Stephen Sondheim’s dark masterpiece “Sweeney Todd” is not an easy show to do, but UVSC has pulled it off pretty well.
Set 150 years ago in London, the musical tells of the barber Sweeney Todd (Andrew McKee) who has just come back to town after being falsely imprisoned by the evil Judge Turpin (Mark Wilson). Seems the judge took a fancy to Sweeney’s wife and needed to get rid of hubby so he could have her to himself. Well, Sweeney’s pretty ticked off now — even moreso because his wife is dead and their daughter, Johanna (Amber Edson), is now in Turpin’s clutches.
His plan of action is to kill the judge and his sidekick, the jovial (but apparently still evil) Beadle (Cameron Cahoon) by luring them to his barbershop and then slitting their throats. But as anyone who has ever committed vengeful murders can tell you, plans tend to go awry, and this is no exception: Sweeney decides to take revenge on the entire town instead. Now, any man who wanders into the shop, Sweeney kills ’em. What’s more, he slides the bodies downstairs to Mrs. Lovett’s (Courtney Young) bakery, where they are made into meat pies.
Most of the music is in a minor key and almost tuneless; the plot is macabre; the main character is indefensibly twisted and arguably more evil than the people he sought revenge after — it’s the feel-good hit of the season! You can see why it’s difficult to make a show like this enjoyable.
But UVSC succeeds pretty well. A solid performance from McKee as Sweeney helps tremendously. The makeup makes his eyes seem hollow and sunk back into his head — he almost looks like the monster he is. But he has a winning smile, almost belying the insanity that lurks beneath and giving the character dimension. Young’s Mrs. Lovett is wonderful, giving the show life, variety and a little comic relief. Sweeney and Lovett have a marvelous chemistry together as she initially goads him on and then tries gamely to bring him back from the brink of disaster.
Edson’s Johanna and Joseph Stone’s Anthony (Johanna’s suitor) have fabulous singing voices and make their subplot — the only glimmer of hope in the show — stand out.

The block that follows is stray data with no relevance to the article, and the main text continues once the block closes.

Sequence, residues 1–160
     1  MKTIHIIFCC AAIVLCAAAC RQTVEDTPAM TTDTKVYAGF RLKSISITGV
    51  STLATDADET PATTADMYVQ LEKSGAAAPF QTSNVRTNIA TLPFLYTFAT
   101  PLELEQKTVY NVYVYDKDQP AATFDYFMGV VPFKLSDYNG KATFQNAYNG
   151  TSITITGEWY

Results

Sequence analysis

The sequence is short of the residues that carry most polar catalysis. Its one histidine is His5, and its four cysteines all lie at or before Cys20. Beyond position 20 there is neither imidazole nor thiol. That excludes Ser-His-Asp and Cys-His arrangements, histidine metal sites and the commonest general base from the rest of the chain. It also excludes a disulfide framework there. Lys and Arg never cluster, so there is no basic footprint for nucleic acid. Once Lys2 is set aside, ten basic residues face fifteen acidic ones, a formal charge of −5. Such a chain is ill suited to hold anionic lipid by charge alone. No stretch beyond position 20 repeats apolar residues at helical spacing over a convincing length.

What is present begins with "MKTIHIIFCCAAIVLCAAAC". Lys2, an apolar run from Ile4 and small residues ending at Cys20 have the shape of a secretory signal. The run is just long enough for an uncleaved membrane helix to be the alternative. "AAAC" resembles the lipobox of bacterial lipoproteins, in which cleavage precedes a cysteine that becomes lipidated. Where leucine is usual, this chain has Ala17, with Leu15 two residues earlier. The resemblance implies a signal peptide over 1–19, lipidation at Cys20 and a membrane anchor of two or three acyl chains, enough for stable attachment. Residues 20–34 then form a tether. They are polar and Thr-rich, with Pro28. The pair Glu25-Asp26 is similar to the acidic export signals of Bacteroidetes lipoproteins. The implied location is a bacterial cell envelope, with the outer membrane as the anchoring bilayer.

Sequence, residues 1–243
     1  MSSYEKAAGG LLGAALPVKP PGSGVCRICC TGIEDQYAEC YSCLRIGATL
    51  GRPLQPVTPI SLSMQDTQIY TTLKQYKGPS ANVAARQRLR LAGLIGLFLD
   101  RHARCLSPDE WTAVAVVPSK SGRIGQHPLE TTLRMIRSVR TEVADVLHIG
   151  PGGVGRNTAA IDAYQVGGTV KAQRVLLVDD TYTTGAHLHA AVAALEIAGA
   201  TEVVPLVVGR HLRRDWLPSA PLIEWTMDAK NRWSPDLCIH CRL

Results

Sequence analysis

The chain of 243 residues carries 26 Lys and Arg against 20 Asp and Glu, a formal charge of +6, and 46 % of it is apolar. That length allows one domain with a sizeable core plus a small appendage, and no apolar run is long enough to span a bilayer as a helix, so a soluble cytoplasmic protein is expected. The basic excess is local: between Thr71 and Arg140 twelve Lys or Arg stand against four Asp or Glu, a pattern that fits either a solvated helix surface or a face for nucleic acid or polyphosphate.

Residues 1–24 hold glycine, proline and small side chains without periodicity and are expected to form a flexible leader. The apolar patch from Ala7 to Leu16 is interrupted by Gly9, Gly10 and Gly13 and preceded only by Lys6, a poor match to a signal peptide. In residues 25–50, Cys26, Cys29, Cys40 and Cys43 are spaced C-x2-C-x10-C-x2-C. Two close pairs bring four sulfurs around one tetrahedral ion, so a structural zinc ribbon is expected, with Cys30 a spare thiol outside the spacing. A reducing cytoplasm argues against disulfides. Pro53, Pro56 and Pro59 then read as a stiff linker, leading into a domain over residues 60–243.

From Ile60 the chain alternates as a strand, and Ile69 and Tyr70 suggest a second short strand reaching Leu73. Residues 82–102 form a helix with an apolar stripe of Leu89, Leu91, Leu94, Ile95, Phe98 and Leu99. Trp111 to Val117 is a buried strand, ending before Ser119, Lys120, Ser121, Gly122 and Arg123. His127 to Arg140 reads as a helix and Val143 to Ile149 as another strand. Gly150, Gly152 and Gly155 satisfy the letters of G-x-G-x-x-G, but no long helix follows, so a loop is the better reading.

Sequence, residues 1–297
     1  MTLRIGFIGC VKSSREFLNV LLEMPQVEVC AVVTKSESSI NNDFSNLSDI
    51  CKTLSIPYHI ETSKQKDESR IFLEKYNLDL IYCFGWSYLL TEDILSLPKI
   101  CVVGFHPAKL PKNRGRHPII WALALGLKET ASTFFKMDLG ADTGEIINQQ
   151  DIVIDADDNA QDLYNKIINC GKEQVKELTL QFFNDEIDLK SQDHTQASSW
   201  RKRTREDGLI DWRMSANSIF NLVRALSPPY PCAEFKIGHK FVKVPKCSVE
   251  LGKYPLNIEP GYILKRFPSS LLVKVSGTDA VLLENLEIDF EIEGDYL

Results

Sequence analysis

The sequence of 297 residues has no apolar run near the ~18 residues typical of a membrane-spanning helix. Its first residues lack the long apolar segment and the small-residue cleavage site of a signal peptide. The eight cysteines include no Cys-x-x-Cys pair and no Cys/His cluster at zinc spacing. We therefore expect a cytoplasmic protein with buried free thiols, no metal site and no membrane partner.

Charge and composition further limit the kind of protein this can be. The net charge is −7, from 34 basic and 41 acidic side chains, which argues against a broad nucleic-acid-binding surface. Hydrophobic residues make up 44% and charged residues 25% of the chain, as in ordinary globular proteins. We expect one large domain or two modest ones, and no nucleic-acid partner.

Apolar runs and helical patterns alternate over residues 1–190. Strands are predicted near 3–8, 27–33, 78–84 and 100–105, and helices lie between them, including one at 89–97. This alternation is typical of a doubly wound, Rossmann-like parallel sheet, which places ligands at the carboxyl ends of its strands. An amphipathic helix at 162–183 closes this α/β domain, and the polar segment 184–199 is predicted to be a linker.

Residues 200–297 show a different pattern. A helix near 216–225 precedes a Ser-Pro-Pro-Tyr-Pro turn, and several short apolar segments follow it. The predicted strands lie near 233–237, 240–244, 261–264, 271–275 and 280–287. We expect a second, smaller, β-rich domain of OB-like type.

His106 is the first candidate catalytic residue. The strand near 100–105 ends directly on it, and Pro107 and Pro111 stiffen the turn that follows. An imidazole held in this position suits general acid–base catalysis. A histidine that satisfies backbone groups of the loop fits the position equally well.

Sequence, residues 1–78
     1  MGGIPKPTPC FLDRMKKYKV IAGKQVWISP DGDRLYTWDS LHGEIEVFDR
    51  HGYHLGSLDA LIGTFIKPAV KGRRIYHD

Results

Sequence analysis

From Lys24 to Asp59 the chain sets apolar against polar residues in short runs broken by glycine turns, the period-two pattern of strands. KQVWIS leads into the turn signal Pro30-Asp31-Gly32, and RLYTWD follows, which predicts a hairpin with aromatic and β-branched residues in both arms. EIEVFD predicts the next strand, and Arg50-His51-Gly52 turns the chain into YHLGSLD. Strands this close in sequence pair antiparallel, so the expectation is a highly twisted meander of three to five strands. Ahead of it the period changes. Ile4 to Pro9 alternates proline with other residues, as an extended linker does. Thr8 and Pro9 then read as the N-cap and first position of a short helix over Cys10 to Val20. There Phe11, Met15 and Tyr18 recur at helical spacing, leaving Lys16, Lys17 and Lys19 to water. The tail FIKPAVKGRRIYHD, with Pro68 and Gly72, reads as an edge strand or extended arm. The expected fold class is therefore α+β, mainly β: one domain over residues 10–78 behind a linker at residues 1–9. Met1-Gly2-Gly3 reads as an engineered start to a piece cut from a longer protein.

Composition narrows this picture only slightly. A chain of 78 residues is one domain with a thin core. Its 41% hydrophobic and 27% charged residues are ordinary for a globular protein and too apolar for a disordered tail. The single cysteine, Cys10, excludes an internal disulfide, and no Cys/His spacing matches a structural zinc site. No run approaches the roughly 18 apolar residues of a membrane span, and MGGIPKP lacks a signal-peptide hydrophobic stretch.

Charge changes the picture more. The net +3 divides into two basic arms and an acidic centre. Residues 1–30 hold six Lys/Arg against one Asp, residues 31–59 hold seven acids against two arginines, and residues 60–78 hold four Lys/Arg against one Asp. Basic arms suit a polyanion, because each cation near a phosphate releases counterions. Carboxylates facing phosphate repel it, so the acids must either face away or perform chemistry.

The main problem with the production is sound. The actors aren’t miked, and they are often drowned out by the 10-piece orchestra (led admirably by Sean Jackson). In a show that is almost all singing, and much of it intricately rhymed, we need to be able to hear every word.
The show is not for everyone, perhaps. The man behind me at Saturday’s performance said it was “morbid” (he said this in a regular speaking voice, by the way, and several times throughout the show, which made me wonder if he was raised in a place — perhaps on a foreign planet — where talking out loud during a theater production is acceptable). Morbid may not be the right word, but it is a little disturbing (although, frankly, I was more bothered by the guy behind me talking incessantly than I was by the play’s content).
But ultimately, the dark themes are necessary to make the point: that revenge and hate can consume a person. It’s a powerful message, and one that can only be driven home effectively through extreme measures. “Sweeney Todd” does have its fun, light moments — watch Sweeney sing sweetly about Johanna’s beauty as he slits men’s throats, for example — and it’s not oppressively dreary. It’s an enjoyable theater experience, performed well by the UVSC cast.
You know my feelings about people talking during shows anyway. But when what they're saying is ignorant and narrow-minded, it's even more annoying. The guy in the "Sweeney Todd" audience seemed to enjoy the show more in the second act -- when Sweeney started killing lots of people. I heard the man chuckle a couple times, even. If I'd had a razor with me....